A BRAVE runner is determined to complete the London Marathon in tribute to his beloved wife who died of cancer on Tuesday.

Two months ago, sporty couple Alistair and Nicola Richards were enjoying a skiing and snowboarding holiday in France with no inkling that anything was amiss.

Less than a fortnight later, Mrs Richards, who was a partner at Salisbury law firm Trethowans, was being given the news that she had terminal pancreatic cancer.

And in the early hours of Tuesday she died, just days before her husband was about to run the London Marathon to raise money for Salisbury Hospice as a thank you for the “amazing” care she had received.

Now Mr Richards is more determined than ever to complete the run.

“She would want me to,” he said. “I’m close to my target of £10,000 now, and anything I can do to increase awareness of the hospice and raise as much money as possible – that’s what it’s about.

“The kindness of the people there is not just because it’s their job – it comes from the heart. I’ve been staggered and humbled by what they do.

“And doing this has given me something more positive to focus on.”

Mrs Richards, who was 45, died peacefully at home in Stoford with her husband at her side.

The couple were teenage sweethearts who met when she was at South Wilts School and he was at Bishop Wordsworth’s.

“We were always keen runners and very fit,” said Mr Richards, who manages a group of farms.

“We ran the London Marathon together last year, and crossed the finishing line holding hands. We led a healthy, very outdoorsy lifestyle.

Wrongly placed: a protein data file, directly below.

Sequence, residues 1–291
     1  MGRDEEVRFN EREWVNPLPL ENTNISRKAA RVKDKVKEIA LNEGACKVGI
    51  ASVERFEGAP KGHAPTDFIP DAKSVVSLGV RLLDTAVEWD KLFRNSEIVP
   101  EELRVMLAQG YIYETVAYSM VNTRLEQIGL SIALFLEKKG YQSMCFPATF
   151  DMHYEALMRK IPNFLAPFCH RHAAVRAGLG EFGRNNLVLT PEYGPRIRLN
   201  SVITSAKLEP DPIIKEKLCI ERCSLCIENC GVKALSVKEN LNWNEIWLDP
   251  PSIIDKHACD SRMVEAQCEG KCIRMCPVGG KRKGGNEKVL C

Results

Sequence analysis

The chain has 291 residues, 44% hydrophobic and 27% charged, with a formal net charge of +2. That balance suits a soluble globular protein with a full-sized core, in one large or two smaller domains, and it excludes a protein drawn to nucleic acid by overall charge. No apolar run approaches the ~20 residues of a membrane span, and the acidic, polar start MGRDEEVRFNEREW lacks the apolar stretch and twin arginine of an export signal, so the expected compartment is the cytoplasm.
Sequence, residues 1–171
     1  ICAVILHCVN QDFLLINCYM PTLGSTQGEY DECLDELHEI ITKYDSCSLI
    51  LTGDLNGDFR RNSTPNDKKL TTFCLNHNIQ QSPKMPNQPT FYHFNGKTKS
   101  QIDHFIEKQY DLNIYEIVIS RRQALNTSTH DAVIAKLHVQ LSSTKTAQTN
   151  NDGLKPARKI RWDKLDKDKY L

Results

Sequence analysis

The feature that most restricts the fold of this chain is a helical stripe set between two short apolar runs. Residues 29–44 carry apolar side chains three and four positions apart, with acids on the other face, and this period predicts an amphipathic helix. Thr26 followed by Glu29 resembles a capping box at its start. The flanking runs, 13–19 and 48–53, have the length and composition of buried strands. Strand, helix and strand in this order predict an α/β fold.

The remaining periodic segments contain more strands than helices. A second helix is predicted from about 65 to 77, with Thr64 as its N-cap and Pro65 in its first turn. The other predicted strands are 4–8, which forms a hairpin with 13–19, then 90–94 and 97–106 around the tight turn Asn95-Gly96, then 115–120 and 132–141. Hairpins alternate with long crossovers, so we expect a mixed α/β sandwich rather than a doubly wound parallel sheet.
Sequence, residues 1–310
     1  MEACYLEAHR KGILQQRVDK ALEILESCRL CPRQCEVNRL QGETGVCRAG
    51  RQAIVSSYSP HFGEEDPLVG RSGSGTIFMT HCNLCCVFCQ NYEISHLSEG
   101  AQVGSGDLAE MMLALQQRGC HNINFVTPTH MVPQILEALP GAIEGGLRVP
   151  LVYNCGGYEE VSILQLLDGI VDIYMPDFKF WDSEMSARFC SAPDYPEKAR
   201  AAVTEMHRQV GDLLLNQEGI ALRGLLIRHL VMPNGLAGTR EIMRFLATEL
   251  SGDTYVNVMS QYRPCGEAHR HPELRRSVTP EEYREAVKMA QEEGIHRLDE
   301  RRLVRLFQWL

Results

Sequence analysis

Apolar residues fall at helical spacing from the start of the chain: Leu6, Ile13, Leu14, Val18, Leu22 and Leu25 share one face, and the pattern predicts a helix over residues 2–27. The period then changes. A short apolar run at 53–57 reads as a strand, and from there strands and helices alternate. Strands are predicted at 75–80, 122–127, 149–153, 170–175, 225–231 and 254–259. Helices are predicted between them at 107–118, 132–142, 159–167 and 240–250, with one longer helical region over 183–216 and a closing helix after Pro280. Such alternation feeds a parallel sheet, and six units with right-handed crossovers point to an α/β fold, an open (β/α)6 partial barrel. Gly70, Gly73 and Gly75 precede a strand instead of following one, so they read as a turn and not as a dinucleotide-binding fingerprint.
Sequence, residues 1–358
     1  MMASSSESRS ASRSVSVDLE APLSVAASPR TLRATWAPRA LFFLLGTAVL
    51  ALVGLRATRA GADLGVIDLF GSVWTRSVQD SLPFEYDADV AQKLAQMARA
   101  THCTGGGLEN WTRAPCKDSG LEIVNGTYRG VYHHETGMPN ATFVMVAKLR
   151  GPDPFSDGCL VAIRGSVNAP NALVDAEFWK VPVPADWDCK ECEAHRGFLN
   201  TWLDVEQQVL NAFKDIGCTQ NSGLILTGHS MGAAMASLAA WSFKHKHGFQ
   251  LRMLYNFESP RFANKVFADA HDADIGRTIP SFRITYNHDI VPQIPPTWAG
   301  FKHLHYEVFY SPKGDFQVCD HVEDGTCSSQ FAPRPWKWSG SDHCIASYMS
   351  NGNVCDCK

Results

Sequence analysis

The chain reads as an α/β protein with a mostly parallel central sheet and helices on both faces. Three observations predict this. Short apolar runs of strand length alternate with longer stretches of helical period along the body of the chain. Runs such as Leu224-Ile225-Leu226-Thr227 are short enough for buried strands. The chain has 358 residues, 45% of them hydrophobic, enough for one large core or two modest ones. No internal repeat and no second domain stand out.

“Pancreatic cancer just creeps up on you, and the first thing you know about it is becoming jaundiced.

“Nicola was still skiing black runs on the Monday, but she started feeling unwell and we decided to come home. We were being told she had a mass on her pancreas on the Friday. The following Tuesday they said it was inoperable.

“When something like this happens you ask yourself: ‘Where did that come from? How can anyone go from nailing the hardest runs on a mountain to struggling to climb stairs in a month?’ “I had a place in the race but Nicola didn’t, and I had been planning to defer it so we could run together again next year.

“I hadn’t done any training, which would normally take three months.

“But one day five weeks ago when she was in the hospice it dawned on me that I could do this. They rely on charitable donations to stay open.”

To donate, go to virginmoneygiving.com/Alistair.and.nicola.richards.